Waimea park advances

A $4 million appropriation from the state Legislature is providing a boost to Hawaii County’s efforts to have a regional park completed in Waimea by fall of 2016.

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A $4 million appropriation from the state Legislature is providing a boost to Hawaii County’s efforts to have a regional park completed in Waimea by fall of 2016.

The County Council is scheduled to put its final stamp of approval on the state money Friday when it votes on Bill 296. The measure, which provides for matching funds from the county, sailed through the council last month on a unanimous vote.

“It’s a real and important step,” county Finance Director Nancy Crawford said Monday, adding that the appropriation is a “real commitment on the Legislature’s part.”

The council meeting starts at 9 a.m. in council chambers in Hilo. The public can testify at that location, or by videoconference from the Waimea council office, Kona council office, the county facility in Kohala, Hawaiian Ocean View Estates Community Center or the Pahoa neighborhood facility.

The project is expected to go out for design bids in February or March, said Ken Van Bergen, deputy director of the county Department of Parks and Recreation. He said Parker Ranch Land Trust should be turning over the land sometime this month.

“It’s a great park, it’s very exciting,” Van Bergen said. “It’s definitely the first of its kind on that part of the island.”

The park will be a master-planned facility that will offer diversified recreational opportunities for both indoor and outdoor activities, according to the department. It will be developed in two phases with the first phase comprising approximately 24 acres as a district park. A second phase would add some 26 acres to the park, thus expanding it to a regional park.

Among the plans to be included in the project’s first phase are: a covered play court, multi-use community building, community gathering/family recreation area, a comfort station, a pavilion, two multi-use regulation-size football/rugby/soccer fields, one youth baseball/softball field, and a multi-use walkway and trail, according to the assessment. The walkway and trail is limited to walking and jogging, only.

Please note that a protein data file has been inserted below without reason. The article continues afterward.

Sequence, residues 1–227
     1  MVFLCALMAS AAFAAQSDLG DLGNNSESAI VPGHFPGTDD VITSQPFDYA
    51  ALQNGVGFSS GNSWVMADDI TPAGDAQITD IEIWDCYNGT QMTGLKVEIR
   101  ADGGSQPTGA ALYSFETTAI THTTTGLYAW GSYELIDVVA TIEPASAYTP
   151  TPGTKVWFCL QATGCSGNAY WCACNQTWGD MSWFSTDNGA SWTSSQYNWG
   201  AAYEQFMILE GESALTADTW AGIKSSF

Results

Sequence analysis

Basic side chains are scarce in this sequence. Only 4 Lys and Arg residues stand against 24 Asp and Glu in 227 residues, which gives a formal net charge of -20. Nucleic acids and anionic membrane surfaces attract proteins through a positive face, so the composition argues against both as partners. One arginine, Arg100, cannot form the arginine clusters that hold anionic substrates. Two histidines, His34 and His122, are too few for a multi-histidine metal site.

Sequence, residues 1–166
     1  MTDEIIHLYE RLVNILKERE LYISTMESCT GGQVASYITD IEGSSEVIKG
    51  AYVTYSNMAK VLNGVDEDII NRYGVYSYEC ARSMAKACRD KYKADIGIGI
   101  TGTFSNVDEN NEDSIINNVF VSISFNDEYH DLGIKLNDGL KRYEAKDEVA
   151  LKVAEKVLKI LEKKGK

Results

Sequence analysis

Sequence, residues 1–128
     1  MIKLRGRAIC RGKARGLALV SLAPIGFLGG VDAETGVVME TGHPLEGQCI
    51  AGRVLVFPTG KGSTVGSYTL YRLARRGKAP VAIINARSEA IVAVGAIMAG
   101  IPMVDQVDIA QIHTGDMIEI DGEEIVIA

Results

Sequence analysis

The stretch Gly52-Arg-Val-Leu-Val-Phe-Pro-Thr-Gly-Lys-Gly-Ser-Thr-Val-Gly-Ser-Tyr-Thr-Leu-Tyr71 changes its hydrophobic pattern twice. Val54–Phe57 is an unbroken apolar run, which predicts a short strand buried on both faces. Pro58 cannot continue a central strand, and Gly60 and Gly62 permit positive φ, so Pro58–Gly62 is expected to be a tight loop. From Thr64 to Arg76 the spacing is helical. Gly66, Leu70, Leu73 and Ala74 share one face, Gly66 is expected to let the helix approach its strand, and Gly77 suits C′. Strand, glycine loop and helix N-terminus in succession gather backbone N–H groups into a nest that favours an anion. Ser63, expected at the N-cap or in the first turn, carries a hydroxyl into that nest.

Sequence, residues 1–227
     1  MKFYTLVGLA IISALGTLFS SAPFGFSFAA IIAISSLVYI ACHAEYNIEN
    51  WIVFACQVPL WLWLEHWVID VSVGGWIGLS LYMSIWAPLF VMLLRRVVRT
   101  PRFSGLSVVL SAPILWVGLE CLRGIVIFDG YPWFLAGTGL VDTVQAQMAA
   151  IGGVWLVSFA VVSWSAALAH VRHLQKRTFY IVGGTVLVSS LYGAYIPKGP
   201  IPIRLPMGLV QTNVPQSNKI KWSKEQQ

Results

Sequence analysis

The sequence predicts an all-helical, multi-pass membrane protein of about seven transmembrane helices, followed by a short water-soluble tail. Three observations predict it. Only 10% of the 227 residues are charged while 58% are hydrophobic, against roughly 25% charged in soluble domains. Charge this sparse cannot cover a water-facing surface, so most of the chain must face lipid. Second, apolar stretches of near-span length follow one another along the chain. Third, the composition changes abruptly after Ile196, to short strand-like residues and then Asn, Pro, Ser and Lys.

The second phase is slated to include an additional football/rugby/soccer field, an additional youth baseball/softball field, two regulation baseball/softball fields, extension of the walkway and trail, two additional comfort stations, and, if the budget permits, converting the covered play courts that were constructed in the first phase into a gymnasium.

The Legislature previously approved $2.5 million for initial design work for the project.

An environmental assessment for the project released late last year estimates the first phase will cost $30.3 million and the second phase $6.6 million. But Van Bergen thinks it will come in substantially less, once the design is finalized and bids come in.

Land for the park’s first phase was obtained as a condition of Parker Ranch Land Trust’s approval for the Waimea Town Center. Parker Ranch has also agreed to reserve the additional lands for expansion.

The site is bordered by Ala Ohia Road on the northwest, Parker Ranch headquarters to the west and undeveloped, vacant lands to the north, south and east. A new driveway, connected to Ala Ohia Road, between the intersections with Mamalahoa Highway and Kaomoloa Road, will provide access to the park.

The site for the park was selected in 2009 from nine sites in the Waimea area and a master plan completed thereafter.

Kohala Councilwoman Margaret Wille said the community has been clamoring for a park since at least 1989. She said she went to Honolulu to testify in support of the state funding.

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In fact, she said, she was instrumental in increasing the amount.

“We were going to ask for $2 million,” she said. “I said, ‘why not $4 million?’”

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